5 Essential Back to School Tips for Parents of High School Students

Group of teens playing a video game together, which is an example of one of the 5 Back to School Tips for Parents of High School Students.

Is your child entering high school this year? I’m sure you feel OVERWHELMED because this is a HUGE milestone! Take a deep breath and keep reading for these much needed back to school tips for parents of high school students.

Do you remember your high school days like they were yesterday? Probably not.

When your own kids hit high school age you are likely ill-prepared to:

  • Acknowledge your true age.
  • Realize how long ago your own high school experience actually was.
  • Own your ignorance of life in the high school world of 2022 . . .

Back To School Tips for Parents of High School Students

#1 Ask Questions

By all means, ask questions of your friends with older children but do not stop there. Make an appointment with your child’s guidance counselor (if you homeschool, talk to the coordinator of dual enrollment at your local community college).

What was true for your friend’s son who graduated four years ago is not necessarily true for your rising junior or senior. And there are broad requirements depending on what college your child may want to attend.

For example, most colleges require ACT test scores. But community colleges may just want you to take their admission test. A technical school may not require either.

If you are a homeschooler with a child who is active in an NCAA sport, research what is required for that child to participate at a high school level – it’s daunting but doable.

#2 Be Open

Among the things they never show you on HGTV is a living room, hastily rearranged and filled with 10-15 teenagers. It’s not pretty.

Also, it’s not cheap (teens eat constantly), but it is worth every inconvenience. And trust me, you will miss that chaos when they are gone!

As your child starts high school, consider that their friends may range in age from 13-19. If you haven’t already, get to know your child’s friends. Make them welcome in your home. Yes, it’s work, but it’s work worth doing.

#3 Future Planning

Before your child starts high school, spend some time talking about their future goals and aspirations. Talk frankly about your finances and what you are able to help them achieve.

Do virtual college tours. Look into financial aid options and what they mean after graduation in terms of debt. Keep in mind that college is NOT the only option for today’s teens.

If your child is definitely bound for college consider using special education resources and/or a special education tutor to get them prepped for the tests and for preparing their applications.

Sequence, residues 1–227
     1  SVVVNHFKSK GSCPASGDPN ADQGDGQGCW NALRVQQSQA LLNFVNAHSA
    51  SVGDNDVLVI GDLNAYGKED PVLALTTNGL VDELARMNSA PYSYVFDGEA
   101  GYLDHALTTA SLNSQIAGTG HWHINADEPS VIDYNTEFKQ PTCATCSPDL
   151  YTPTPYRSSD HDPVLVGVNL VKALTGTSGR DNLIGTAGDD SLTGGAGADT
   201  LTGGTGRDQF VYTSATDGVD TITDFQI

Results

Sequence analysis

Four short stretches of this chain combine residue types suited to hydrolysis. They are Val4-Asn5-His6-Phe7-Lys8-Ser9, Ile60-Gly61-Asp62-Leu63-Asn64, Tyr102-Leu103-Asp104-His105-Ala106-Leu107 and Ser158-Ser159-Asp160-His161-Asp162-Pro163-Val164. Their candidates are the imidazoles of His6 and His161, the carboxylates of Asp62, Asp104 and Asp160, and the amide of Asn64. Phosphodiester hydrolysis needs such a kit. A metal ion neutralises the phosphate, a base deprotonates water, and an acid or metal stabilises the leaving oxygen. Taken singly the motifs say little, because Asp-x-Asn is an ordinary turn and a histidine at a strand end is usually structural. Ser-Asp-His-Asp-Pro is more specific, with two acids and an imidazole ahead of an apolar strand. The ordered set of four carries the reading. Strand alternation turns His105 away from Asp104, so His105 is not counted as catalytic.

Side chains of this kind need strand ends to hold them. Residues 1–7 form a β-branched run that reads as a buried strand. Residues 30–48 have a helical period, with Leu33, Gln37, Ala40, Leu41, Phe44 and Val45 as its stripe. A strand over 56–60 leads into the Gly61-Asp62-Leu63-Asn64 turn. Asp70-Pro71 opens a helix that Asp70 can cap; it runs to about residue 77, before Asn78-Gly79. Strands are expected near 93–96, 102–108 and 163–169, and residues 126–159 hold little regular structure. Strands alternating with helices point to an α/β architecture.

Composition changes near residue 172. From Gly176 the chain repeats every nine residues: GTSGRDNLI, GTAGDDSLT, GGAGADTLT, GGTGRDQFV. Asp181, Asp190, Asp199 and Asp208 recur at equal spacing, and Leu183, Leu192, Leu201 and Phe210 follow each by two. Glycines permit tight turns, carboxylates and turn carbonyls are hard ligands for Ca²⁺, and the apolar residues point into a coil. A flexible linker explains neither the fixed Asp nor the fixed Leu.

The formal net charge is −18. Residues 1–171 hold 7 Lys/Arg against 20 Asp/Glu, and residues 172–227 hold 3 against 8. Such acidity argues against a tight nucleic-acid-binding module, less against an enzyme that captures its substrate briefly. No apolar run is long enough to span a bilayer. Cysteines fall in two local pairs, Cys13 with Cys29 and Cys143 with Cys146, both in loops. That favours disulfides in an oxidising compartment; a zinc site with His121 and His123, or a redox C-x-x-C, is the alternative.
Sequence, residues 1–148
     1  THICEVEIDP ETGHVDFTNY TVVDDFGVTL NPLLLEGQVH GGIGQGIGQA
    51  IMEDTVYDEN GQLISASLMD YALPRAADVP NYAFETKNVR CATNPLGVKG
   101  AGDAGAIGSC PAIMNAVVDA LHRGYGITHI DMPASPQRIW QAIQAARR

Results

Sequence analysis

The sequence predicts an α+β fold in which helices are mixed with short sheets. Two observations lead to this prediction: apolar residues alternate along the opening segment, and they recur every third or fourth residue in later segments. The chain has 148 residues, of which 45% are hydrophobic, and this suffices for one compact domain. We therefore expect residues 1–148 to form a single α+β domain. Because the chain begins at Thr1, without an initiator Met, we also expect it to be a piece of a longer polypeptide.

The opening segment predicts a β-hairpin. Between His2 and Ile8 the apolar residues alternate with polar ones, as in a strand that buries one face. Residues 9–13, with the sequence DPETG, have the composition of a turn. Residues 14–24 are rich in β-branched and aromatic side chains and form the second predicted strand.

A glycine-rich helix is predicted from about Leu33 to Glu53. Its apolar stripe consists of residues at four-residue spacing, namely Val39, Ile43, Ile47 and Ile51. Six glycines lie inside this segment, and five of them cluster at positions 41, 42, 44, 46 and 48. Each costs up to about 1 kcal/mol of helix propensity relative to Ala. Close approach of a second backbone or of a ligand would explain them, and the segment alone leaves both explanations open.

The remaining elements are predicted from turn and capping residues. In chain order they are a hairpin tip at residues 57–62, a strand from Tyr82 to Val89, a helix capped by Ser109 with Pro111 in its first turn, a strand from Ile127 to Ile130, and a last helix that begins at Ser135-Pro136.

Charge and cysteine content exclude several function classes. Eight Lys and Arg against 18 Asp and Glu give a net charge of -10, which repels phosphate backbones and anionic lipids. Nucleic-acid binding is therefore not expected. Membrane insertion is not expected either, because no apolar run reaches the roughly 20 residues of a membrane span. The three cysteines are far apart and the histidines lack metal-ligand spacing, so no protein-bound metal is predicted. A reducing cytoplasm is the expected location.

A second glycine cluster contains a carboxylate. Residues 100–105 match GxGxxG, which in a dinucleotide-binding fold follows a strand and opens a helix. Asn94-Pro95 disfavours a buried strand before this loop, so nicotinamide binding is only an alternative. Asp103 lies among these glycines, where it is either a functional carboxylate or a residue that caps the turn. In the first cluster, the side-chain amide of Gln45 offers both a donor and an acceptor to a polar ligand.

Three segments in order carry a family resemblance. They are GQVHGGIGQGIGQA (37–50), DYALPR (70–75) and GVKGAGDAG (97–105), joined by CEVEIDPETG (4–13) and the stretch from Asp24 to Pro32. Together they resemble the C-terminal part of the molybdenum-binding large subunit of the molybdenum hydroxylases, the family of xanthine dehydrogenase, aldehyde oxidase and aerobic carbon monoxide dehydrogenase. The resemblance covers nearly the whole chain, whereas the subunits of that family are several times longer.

#4 Family Time

Insist that you and your child share at least one meal a day. This can be harder than it sounds, but it is worth the effort.

Work around school, work, practices, and social obligations to sit down and eat something – scrambled eggs and toast work any time of day and only take a few minutes!

Let your child lead the conversation. Keep your mouth full, so you can give thought to your reactions. Check out this post for more ideas for bringing back family dinnertime.

 

#5 Your Teen’s New Independence

Now is the time to talk to your child about money and how to manage it. Most schools really do a poor job of teaching finances, and it’s probably one of the most important lessons to learn!

Help them set up their own bank account (if they’re under 18 and at your own bank or credit union, you’ll have access to the account).

As they go through high school, give them the freedom to spend without question (while encouraging them to save!). Work through mistakes and bad logic BEFORE they are off on their own. Dave Ramsey has incredible resources specific to high school students designed to aid in financial lessons.

One of the biggest points of being a parent is raising a child who can leave home as a self-sufficient, functioning adult. High school is your chance to test various skills before your child is on their own. You have a chance to pull them back if need be or to push them to be more independent.

No doubt, through your child’s high school career, you will encounter things you NEVER expected. “Keep Calm and Carry On.” It’s all going to work out in the end.

What are some of your families back to school traditions? Please share in the comment section below.

Additional Resources for Parents of High School Students

Here are some additional resources (some also great back to school tips) for parents of high school students.

 

Looking for more back-to-school tips?

Here are a few other blogs that may interest you…

 

Group of teens playing a video game together, which is an example of one of the 5 Back to School Tips for Parents of High School Students.
High School is the final stepping stone to independence. Here are 5 essential back to school tips for parents of high school students.
Suzie Dalien

Suzie Dalien

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